Another resident has taken ill with Legionnaires’ disease at the Illinois Veterans Home in Quincy (IVHQ), a month after two residents were sickened with the disease, according to a Nov. 28 news release from the Illinois Department of Health.

The illnesses come two years after a 2015 outbreak at the IVHQ in which 12 people died and 53 others were sickened.

The resident was diagnosed while being treated at a local hospital over the weekend and has since been released. One of the two individuals sickened last month died.

The IVHQ undertook a nearly $5 million, state-of-the-art rehabilitation of its water-treatment plant in summer 2016. There were four cases of Legionnaires’ disease at the facility in 2016, including three after the rehabbed plant was made operational.

Dave MacDonna, an Illinois Department of Veterans’ Affairs spokesperson, believes the spike in Legionnaires’ diagnoses could be due, in part, to the increase in testing for the pneumonia-like disease. Illinois experiences about 300 cases each year.

McDonna said the home was in a state of “high alert,” and any resident displaying symptoms is tested regularly and hospitalized if symptoms persist.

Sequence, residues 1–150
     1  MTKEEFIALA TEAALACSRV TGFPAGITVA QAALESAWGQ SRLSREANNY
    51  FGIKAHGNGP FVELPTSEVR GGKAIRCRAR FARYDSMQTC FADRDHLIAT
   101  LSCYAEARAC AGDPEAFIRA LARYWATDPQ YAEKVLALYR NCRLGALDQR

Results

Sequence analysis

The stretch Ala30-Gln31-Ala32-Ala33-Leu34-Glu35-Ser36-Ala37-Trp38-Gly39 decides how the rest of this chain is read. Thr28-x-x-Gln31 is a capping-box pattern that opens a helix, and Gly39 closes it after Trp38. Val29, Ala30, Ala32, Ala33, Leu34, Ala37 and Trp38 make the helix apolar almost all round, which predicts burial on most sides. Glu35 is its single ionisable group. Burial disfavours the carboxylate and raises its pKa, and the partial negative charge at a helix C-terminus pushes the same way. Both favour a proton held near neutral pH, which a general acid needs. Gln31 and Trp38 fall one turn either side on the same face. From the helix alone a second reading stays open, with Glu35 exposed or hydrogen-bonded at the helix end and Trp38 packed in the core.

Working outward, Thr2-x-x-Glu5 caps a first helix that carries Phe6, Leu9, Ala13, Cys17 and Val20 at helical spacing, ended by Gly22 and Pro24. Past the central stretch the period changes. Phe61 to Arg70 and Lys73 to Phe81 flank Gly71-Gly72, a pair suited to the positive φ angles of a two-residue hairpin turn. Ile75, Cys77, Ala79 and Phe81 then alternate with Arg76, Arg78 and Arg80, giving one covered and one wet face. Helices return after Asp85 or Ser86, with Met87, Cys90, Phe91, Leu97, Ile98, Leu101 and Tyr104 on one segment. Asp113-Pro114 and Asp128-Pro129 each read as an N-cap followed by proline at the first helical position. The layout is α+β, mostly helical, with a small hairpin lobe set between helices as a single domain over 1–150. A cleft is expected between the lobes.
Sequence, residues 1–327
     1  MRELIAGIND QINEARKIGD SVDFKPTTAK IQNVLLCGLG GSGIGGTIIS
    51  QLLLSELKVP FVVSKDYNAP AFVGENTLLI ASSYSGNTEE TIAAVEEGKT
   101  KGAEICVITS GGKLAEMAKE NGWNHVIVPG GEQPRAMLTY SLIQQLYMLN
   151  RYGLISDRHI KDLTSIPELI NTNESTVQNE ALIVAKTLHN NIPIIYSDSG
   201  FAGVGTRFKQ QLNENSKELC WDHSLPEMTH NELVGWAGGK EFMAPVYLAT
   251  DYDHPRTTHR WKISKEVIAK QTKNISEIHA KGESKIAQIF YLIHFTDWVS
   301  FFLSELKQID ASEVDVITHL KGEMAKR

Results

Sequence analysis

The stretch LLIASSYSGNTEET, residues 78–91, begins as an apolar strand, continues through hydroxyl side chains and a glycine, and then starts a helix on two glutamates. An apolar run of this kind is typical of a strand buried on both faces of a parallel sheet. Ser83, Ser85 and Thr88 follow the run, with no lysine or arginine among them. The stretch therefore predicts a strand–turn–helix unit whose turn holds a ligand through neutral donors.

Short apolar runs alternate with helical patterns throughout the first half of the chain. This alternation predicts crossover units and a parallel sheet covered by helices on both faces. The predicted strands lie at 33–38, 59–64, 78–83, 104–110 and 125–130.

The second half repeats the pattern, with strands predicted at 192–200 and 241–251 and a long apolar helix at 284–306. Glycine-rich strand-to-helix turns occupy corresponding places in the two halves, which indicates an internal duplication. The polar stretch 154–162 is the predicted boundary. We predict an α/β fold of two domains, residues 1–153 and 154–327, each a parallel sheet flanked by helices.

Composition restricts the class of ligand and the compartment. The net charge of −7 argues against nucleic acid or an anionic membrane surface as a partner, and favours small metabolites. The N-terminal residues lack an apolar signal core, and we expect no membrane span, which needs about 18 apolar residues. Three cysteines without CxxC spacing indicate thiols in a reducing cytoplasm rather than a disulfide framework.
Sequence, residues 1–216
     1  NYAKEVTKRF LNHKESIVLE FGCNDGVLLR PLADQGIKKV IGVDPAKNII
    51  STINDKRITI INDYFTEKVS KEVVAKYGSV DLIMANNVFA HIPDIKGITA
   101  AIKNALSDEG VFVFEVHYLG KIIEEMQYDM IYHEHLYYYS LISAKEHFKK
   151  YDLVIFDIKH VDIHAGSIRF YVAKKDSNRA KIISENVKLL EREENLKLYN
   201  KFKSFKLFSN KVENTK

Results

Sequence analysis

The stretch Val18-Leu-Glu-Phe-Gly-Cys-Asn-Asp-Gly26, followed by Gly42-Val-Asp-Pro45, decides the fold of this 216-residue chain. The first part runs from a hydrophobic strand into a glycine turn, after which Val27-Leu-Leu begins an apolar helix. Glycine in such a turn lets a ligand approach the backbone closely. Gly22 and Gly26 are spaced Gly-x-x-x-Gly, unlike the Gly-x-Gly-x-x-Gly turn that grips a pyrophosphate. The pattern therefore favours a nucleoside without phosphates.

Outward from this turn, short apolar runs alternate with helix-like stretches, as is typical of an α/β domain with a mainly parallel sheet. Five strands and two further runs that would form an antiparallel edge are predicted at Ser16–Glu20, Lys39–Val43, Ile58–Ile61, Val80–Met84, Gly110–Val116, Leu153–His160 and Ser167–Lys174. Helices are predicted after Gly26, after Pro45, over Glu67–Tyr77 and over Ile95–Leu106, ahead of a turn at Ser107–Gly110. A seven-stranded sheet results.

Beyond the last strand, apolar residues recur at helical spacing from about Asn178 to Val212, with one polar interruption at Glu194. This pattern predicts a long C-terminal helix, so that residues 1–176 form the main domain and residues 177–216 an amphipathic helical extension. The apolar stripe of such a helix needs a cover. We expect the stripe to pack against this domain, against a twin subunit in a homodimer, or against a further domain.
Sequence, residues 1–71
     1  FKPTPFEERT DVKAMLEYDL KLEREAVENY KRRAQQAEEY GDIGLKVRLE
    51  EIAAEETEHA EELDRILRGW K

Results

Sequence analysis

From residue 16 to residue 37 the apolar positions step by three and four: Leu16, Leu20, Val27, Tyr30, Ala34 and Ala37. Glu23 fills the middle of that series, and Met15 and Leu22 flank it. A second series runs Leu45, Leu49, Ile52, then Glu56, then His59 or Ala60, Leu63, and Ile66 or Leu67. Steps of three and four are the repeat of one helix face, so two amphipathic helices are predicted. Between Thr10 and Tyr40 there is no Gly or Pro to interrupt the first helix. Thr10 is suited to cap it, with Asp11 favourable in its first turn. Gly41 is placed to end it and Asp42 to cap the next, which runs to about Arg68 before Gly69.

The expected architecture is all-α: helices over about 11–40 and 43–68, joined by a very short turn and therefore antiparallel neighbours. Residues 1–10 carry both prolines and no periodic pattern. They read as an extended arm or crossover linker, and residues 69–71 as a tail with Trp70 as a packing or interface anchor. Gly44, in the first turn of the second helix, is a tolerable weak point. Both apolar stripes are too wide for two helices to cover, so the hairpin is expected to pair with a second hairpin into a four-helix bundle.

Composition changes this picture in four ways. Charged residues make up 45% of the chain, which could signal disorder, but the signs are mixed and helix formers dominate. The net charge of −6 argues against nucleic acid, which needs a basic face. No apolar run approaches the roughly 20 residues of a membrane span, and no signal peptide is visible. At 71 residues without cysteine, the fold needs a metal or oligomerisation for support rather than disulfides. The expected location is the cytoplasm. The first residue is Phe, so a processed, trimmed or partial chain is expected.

Legionnaires’ disease symptoms 

Legionnaires’ disease looks like other forms of pneumonia or even flu, which is why so many cases go unreported every year. Early symptoms can include:

  • chills
  • fever, which can be 104 degrees or higher
  • headaches
  • loss of appetite
  • muscle aches.

After the first few days, symptoms can worsen to include:

  • chest pain when breathing, called pleuritic chest pain (due to inflamed lungs)
  • confusion and agitation
  • a cough, which may bring up mucus and blood
  • diarrhea (about one-third of all cases result in gastrointestinal problems)
  • nausea and vomiting
  • shortness of breath.

The incubation period – the amount of time between contracting the bacteria and developing symptoms – is usually 2 to 10 days. However, it can be as much as 16 days.

Who is at risk? 

Anyone can get the disease, but those at higher risk of infection include:

  • people 50 or older
  • current or former smokers
  • heavy drinkers of alcohol
  • people with chronic lung disease
  • people with suppressed immune systems
  • organ-transplant recipients
  • people who are following specific drug protocols (corticosteroids, for example).

(Photo credit: Michael Kipley / Quincy Herald-Whig via The Associated Press)